Thursday, August 25, 2005
  Bullets, Blood, and Babes
I like me some Bruce Willis, Benicio del Toro, and Michael Clark Duncan. I also enjoy noir and Jessica Alba is hawt so I figured what the heck I'd give Sin City a spin.

Up front I'll say that I have never read any of the comics.

Visually the film is very interesting. It really is like someone took a graphic novel and made it 3D. The use of black and white with shocking bits of color is arresting. I have no doubt that Frank, Robert, and Quentin had a bucket of fun making it.

The acting is generally pretty good, as good as it needs to be to get the job done. The story lines seem to be right in line with the noir tradition. The gun fights are okay (usually pretty one sided) and there are more gorgeous babes than you can shake a stick at. This movie should have at the very least be fun. It's not.

It lacks heart. It elevates revenge, prostitution, deceit, and hatred. I can't really find myself caring for any of the characters, well maybe Hartigan (Willis) but that's probably just because I'm a fan. In something that tries hard to be gritty, it just ends up being grimy.

The look of it gets annoying after a while. This is probably a nit pick, but why can't all the blood in this film (and there are buckets of it) be one color? Kill Bill did that black and white scene ostensibly because of the amount of blood in that fight, but at least the blood was black.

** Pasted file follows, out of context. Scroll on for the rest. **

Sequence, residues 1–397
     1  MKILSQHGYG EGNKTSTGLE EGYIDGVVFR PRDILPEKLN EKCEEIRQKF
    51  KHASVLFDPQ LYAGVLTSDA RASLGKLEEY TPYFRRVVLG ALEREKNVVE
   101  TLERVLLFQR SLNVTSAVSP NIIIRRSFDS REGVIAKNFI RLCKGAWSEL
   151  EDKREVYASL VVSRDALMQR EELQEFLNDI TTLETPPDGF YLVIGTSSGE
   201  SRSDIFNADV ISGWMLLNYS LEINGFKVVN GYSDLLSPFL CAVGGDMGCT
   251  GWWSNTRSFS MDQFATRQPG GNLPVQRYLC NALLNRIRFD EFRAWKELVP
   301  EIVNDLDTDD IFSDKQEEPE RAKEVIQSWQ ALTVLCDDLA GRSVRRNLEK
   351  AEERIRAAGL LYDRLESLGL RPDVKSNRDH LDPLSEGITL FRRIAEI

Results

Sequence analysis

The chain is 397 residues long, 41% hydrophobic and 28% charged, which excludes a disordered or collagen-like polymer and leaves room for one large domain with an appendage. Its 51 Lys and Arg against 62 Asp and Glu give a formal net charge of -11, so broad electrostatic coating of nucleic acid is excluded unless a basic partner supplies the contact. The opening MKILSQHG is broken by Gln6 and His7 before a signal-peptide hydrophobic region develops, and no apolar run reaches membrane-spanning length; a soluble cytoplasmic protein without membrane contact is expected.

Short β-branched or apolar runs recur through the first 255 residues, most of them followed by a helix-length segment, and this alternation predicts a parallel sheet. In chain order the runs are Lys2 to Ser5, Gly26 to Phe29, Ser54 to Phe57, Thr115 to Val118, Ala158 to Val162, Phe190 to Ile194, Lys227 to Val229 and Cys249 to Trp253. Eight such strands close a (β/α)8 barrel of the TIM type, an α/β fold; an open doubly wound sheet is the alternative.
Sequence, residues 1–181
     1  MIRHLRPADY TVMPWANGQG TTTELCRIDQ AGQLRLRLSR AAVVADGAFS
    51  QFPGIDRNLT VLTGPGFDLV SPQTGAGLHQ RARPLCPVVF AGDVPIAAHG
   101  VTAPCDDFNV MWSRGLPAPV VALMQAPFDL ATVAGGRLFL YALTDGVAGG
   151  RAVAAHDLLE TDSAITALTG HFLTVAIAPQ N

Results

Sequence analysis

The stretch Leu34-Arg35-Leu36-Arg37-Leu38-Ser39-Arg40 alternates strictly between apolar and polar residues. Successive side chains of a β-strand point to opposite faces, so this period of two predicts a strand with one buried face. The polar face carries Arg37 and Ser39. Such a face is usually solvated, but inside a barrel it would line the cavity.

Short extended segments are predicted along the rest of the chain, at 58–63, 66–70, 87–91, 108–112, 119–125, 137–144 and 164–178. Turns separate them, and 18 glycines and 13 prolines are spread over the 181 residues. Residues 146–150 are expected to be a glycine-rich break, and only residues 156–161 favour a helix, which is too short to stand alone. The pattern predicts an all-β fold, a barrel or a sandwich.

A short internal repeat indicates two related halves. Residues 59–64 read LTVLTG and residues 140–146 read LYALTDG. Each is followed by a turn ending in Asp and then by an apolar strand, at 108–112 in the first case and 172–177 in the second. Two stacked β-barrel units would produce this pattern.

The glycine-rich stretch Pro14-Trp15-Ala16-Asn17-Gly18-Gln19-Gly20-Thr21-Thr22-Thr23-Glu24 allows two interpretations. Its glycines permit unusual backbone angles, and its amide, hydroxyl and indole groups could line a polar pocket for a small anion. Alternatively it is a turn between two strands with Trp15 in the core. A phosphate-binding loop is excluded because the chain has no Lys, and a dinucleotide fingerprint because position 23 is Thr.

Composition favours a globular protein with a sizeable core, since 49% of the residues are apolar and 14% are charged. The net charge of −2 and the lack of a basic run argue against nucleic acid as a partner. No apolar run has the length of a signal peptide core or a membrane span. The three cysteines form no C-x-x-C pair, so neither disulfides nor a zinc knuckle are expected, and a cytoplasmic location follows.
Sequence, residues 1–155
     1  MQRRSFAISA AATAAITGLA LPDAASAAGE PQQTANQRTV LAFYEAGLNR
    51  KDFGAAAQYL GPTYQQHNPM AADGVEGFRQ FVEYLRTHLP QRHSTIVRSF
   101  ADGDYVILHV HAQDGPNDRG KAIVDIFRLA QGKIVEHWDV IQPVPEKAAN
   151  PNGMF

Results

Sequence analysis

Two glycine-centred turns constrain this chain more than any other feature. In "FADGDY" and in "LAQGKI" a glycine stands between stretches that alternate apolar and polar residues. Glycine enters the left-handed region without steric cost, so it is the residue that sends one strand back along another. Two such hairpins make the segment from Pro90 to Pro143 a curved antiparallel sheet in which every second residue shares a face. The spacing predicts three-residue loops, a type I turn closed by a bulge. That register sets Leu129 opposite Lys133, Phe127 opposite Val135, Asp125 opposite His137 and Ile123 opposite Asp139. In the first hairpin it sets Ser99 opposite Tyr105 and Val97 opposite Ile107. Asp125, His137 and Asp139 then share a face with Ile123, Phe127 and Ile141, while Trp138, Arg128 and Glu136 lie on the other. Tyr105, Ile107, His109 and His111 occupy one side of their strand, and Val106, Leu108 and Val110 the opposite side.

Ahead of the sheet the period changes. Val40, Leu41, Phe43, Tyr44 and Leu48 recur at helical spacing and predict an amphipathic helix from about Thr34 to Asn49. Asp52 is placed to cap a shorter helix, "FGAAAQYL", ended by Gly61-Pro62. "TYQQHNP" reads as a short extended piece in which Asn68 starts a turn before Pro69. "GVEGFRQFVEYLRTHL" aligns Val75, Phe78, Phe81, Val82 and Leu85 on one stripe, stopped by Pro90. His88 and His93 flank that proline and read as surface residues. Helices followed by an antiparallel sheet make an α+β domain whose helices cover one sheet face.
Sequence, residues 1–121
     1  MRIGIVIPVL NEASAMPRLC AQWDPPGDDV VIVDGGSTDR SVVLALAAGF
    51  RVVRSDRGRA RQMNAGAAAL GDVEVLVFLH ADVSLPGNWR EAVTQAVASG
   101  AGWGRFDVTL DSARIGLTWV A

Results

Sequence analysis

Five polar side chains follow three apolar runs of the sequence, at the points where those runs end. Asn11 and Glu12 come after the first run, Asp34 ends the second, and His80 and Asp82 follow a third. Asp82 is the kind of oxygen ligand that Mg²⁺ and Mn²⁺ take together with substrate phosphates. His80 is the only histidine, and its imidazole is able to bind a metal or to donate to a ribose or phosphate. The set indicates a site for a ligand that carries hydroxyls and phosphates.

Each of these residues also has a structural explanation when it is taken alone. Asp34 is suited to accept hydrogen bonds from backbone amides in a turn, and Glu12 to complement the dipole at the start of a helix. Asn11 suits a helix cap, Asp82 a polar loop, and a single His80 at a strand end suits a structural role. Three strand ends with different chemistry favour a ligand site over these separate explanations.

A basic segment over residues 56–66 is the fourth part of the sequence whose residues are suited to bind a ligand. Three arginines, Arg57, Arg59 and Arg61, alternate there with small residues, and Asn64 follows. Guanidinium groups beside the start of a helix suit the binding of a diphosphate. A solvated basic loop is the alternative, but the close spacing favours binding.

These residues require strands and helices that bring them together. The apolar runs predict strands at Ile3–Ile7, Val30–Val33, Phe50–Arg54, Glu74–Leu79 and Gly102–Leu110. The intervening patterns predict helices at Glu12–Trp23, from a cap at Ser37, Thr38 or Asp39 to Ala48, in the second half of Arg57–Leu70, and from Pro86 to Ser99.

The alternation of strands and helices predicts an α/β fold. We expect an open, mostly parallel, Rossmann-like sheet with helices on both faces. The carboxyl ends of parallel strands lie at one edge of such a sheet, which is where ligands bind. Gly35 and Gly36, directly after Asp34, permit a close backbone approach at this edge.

One character, Marv (played by Mickey Rourke and seemingly a cross between Mike Hammer and the Thing), finds the purpose in his life to be getting revenge for a hooker who shows him a good time in spite of his ugliness. I should at least feel some pity for him, but it generated zero emotion.

Hartigan (Willis) is a detective that right before he retires rescues a girl from a serial killer. Because the killer happens to be a senator's son, Hartigan ends up taking the wrap. After eight years in prison (where he gets a letter a week from the girl, honestly what parent would let their little girl correspond with a convicted felon?) he gets out and looks for her. Even though he was a detective for thirty years he doesn't figure out that his being released was a trick until he gets to see her. And she hides from the killers while becoming a stripper in the town where she had been kidnapped. I will grant that the resolution of that plotline makes more sense than any other part of it. The only thing I felt here was sorry for the little girl.

The whole thing was as flat as the comic book it was brought from. Maybe if I were a teenager I would have enjoyed it more, but anyone who would let their teenage son watch this misogynistic festival of blood probably deserves to raise a serial killer.

For inventiveness and bringing a comic book to the screen while maintaining the feel of it I give this five points. I really can't think of anything else that could add to its score so we'll leave it a 5/10.
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